8 Best Children’s Books with Money Lessons in Them

In today’s nontrivial financial climate, managing your finances has become one of the must-have skills for individuals who want to do well for themselves. Smart investment, smart saving, and smart financial planning can work wonders on our lives, and miracles on our bank accounts. Sadly, those are not skills any school will teach us or our children. There are, however, a few brilliant authors that manage to address the issue in a playful, engaging way and teach the young readers those important lessons about money.

8 Best Children's Books with Money Lessons

This is a list of books that we’ve found the most endearing and financially educating. Enjoy!

1. Bunny Money by Rosemary Wells teaches basic money math on the example of a pair of bunny siblings, Ruby and Max. They have saved a $100 to buy a birthday present for their grandma, only to see unexpected events cause some of that money disappear. The bunnies struggle to manage their money in order to be able to afford the present for their grandma.

Bunny Money by Rosemary Wells

2. Lemonade in Winter by Emily Jenkins and G. Brian Karas teaches the basics of entrepreneurship and some basic math, as well as deliver the very important lesson that sometimes even a great idea does not turn out according to expectation. The lessons are enveloped in a warm blanket of two siblings that decide to open a lemonade stand in the thick of winter.

Lemonade in Winter by Emily Jenkins and G. Brian Karas

3. The Lemonade War by Jacqueline Davies also explores the popular theme of lemonade stands, although from another perspective. The two siblings in this story open competing lemonade stands. In it we learn about creative competition in an amusing, entertaining way.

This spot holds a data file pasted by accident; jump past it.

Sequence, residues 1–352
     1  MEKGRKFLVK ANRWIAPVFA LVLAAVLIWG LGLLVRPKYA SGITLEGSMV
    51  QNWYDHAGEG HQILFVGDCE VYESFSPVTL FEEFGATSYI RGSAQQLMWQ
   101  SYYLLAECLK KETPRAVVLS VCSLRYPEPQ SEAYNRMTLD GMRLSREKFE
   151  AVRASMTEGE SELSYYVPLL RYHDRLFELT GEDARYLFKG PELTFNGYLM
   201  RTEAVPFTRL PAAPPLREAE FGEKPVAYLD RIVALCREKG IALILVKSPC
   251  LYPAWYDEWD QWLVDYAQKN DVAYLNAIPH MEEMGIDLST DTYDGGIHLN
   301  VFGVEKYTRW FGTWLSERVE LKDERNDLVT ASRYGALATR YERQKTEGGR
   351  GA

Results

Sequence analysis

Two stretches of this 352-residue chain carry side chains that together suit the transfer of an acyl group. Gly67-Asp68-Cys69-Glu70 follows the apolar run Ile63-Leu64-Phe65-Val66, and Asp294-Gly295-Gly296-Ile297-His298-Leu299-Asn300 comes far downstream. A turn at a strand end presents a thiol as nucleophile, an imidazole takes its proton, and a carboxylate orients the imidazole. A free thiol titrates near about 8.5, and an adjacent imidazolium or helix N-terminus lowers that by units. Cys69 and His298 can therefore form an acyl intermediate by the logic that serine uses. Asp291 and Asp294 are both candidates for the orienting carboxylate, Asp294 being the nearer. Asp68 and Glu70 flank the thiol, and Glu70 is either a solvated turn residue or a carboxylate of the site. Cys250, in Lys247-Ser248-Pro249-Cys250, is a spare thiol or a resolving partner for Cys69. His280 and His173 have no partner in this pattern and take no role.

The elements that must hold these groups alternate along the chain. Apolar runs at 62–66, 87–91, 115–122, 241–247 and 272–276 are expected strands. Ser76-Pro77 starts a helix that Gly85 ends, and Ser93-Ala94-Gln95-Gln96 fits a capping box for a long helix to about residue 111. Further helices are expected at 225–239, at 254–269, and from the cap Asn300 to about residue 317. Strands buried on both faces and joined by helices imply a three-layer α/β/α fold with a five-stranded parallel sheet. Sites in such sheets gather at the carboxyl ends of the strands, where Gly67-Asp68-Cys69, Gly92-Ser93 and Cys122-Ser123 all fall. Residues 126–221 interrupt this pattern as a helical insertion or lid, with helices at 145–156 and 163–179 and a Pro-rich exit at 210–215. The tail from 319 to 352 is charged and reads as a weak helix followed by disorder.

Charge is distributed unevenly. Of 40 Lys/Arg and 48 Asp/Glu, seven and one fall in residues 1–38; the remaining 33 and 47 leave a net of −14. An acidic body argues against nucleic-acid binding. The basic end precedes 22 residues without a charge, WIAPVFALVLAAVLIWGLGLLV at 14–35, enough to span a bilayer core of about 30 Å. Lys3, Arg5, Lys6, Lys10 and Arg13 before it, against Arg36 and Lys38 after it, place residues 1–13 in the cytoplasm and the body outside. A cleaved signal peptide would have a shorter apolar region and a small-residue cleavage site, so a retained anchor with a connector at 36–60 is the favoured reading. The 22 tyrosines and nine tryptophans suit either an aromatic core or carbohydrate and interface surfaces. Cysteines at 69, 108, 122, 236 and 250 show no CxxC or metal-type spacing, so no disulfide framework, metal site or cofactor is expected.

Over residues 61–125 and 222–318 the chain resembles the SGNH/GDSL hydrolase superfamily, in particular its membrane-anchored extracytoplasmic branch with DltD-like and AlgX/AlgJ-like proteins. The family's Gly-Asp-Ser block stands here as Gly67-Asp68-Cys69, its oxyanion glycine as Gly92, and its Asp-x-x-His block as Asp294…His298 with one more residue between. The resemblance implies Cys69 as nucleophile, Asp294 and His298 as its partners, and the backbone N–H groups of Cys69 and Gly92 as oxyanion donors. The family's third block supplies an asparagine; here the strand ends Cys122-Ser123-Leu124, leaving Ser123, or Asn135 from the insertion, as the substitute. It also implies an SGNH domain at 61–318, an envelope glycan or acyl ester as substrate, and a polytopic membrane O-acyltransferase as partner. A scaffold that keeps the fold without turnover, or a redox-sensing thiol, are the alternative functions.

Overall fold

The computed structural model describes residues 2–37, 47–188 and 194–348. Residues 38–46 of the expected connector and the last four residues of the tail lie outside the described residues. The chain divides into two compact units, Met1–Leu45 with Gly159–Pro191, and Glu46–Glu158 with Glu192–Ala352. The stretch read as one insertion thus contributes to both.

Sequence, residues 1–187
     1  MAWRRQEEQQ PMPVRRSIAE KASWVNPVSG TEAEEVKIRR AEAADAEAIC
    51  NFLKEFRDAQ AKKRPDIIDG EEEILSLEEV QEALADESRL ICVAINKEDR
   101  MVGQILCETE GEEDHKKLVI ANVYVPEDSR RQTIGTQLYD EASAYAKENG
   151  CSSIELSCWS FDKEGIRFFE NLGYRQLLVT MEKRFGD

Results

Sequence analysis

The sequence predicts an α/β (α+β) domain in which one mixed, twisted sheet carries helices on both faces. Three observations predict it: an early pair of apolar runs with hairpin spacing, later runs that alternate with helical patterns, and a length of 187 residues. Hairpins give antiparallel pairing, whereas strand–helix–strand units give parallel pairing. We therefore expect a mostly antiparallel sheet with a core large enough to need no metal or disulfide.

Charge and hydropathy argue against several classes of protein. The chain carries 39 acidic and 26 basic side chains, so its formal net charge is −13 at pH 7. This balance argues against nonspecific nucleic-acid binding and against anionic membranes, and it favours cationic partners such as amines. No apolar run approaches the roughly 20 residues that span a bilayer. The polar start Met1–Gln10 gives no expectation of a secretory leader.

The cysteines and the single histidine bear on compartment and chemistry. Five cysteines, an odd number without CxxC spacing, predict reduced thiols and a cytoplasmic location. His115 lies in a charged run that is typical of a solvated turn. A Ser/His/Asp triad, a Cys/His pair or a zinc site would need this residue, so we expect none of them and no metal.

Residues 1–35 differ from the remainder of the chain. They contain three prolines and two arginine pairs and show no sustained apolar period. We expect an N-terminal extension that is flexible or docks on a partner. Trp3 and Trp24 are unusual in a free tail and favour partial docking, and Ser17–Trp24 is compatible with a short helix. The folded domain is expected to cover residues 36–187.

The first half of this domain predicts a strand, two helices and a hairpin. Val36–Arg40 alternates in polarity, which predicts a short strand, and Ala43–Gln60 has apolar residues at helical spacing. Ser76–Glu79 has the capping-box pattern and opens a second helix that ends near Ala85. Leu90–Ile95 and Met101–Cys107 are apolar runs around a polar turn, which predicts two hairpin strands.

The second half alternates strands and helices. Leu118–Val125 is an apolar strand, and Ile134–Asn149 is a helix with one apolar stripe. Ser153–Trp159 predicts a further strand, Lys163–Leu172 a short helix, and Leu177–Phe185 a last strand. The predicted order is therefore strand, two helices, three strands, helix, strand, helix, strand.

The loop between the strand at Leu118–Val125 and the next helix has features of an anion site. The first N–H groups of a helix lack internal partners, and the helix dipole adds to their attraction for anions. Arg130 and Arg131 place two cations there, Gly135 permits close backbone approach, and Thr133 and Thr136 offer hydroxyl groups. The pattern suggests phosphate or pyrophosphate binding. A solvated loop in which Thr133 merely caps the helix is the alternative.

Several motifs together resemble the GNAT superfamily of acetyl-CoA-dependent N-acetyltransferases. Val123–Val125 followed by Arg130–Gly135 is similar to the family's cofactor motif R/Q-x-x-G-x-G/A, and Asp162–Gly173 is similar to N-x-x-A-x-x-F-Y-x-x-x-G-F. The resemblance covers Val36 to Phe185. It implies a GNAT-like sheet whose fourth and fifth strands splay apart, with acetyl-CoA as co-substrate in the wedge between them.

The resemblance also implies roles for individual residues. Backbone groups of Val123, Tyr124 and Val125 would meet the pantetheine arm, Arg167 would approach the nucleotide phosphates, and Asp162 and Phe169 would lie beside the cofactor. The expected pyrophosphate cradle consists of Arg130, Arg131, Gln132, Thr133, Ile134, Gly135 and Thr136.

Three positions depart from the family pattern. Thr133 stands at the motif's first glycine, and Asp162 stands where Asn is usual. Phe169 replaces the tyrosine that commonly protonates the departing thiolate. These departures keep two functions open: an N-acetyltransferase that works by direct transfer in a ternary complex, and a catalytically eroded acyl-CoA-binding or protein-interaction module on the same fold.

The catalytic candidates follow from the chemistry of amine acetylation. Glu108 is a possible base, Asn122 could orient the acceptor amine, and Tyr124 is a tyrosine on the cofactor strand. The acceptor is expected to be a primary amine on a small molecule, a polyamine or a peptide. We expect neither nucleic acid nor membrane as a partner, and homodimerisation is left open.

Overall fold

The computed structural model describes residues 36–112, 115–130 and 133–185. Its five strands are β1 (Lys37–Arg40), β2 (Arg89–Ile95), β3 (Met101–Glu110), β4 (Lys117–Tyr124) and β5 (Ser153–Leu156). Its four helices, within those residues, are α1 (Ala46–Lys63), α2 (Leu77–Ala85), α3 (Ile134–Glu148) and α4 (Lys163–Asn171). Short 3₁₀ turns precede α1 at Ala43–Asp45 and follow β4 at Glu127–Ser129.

The Lemonade War by Jacqueline Davies

4. Becoming Naomi Leon by Pam Munoz Ryan is for children above 8 and deals with the story of a young girl who has to deal with multiple hardships. One of them is a very tight budget that she has to be able to manage and live by.

Becoming Naomi Leon by Pam Munoz Ryan

5. Joseph Had a Little Overcoat by Simms Taback is about a prudent man who has a very nice overcoat that begins to wear out from overuse. His solution is to reuse the material to make a jacket, then a small vest, then some other even smaller garments, until it is turned into a cloth button. The clever illustrations in the book bring the story to life and teach the young readers that reusing things is a fun and clever way to save.

Joseph Had a Little Overcoat by Simms Taback

6. Annie’s Adventures by Lauren Baratz-Logsted is the first book in the “The Sisters 8” series about orphaned octuplet sisters whose parents disappeared. In this first book Annie, one of the siblings, has to figure out their disappeared parents’ finances and how to manage them. She learns about writing checks, interpreting bills and managing the family’s expenses. The story is a gentle introduction into adult reality and finances, enveloped in a humorous, enjoyable adventure. In addition to the basic principles of earning and spending, the book teaches about entrepreneurship, money management and frugality, valuable lessons one and all.

Annie's Adventures by Lauren Baratz-Logsted

7. How to Steal a Dog by Barbara O’Connor has a title that might cause a few raised eyebrows, but is really a touching story about a homeless child. The book teaches us valuable lessons on ethics, friendship and hardship.

How to Steal a Dog by Barbara O'Connor

8. Hothead by Cal Ripken Jr. does not deal with finances directly, focusing instead on the emotional distress of having financial trouble in your life. The protagonist’s father gets laid off, and the boy has to learn a great deal about anger management, both at home and out there.

Hothead by Cal Ripken Jr.

There are many more amazing, magical works of literary art that touch on this important subject, and we hope to relate them to you in future publications. In the mean time, enjoy your reading!

Image credits: Amazon.ca

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